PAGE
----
Why We Give a Sip

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With Give a Sip, we're supporting the bill to get rid of single-use plastic straws in New York City. Since they often can't be recycled, these straws never really go away. Instead, they can end up in our waters where they do deadly harm to our local animals.

Sea turtles, birds, and fish can't ask us to stop polluting. They often can't avoid getting tangled in plastic or mistaking it for food, either. An estimated 71% of seabirds and 30% of turtles have been found with plastic in their stomachs. And when an animal ingests plastic, it's often fatal.

We have a plastic waste crisis right now. At the rate we're polluting, there will be more plastic in the ocean by weight than fish by 2050. And we show no signs of stopping. Experts expect plastic production to increase by 40% over the next decade due to a rise in manufacturing.

Be part of the solution. Join with us and give up single-use plastic straws today.

Tell New York City Council:

I Back the Straw Bill

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I support the New York City bill to help wildlife by getting rid of single-use plastic straws.


Dear New York City Council Member and Mayor Bill de Blasio,

As a supporter of the Wildlife Conservation Society (WCS), I'm writing to express my support for Int. 936 to eliminate single-use plastic straws from food establishments in New York City.

Single-use plastic straws and stirrers cannot be recycled, so they either end up in landfills or as litter where they eventually wind up in the ocean. Scientific studies demonstrate that single-use plastics are entering New York's waterways, and threatening wildlife and ultimately human health. Eventually these plastics break down into smaller pieces, known as microplastics, which wildlife, and potentially humans, ingest.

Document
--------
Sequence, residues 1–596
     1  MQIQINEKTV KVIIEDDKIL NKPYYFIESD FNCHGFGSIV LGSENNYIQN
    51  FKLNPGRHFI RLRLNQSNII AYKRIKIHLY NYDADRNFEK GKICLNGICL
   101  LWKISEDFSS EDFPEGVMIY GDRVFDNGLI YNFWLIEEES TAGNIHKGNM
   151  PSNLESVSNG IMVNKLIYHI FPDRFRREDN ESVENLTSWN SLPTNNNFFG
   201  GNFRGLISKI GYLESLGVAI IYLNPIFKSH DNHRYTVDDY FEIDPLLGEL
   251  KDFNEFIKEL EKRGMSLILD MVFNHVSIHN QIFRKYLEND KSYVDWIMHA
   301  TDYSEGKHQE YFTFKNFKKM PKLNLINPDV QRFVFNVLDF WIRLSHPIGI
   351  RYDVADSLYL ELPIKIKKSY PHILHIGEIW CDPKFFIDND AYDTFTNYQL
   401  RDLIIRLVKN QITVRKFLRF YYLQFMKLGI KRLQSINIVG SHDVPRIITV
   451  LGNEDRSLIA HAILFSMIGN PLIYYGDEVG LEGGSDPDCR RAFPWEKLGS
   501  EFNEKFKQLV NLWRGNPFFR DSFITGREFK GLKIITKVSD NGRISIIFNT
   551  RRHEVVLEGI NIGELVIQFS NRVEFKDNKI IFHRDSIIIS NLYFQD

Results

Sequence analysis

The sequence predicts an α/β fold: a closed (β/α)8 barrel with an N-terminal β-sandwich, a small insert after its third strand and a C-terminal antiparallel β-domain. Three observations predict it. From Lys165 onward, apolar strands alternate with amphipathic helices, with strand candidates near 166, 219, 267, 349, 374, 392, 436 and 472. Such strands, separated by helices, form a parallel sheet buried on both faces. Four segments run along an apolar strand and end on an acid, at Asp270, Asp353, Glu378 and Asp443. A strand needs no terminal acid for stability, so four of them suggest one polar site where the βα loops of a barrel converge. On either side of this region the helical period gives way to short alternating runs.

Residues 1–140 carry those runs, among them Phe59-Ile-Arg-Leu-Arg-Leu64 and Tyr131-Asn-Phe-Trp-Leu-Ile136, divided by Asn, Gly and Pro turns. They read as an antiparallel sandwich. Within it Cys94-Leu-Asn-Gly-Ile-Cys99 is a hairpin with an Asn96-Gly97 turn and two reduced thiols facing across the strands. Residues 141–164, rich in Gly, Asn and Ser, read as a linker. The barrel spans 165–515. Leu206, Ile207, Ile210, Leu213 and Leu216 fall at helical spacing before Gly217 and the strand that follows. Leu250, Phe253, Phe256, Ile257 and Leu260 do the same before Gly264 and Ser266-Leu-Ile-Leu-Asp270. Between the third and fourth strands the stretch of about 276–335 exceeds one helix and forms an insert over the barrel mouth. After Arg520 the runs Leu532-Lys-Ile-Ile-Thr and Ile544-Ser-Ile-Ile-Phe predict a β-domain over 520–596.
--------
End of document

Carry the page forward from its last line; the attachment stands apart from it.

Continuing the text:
This bill (Int. 936) prevents food establishments in New York City from offering consumers single-use beverage straws or stirrers made of plastic or other non-biodegradable material. It would still allow food service establishments to offer biodegradable and reusable straws to consumers. It also includes exemptions that allow food service establishments to continue to offer appropriate straws for people with disabilities or medical conditions. Since this law will take effect 180 days after passage, it allows time for consumers to be educated on the issue and food service establishments to prepare to make appropriate changes.

Please join New York City Council Member Rafael L. Espinal, Jr., in his efforts to protect our waters from plastic pollution and support Int. 936 -- the Single-use Plastic Straw Bill.


[First Name] [Last Name]

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Sorry, this action can only be taken by NYC residents.

You can still protect wildlife by pledging to give up single-use plastic straws.

I Pledge to Give Up Single-use Plastic Straws

Take the pledge and show you give a sip.

I'll save wildlife by giving up single-use plastic straws.


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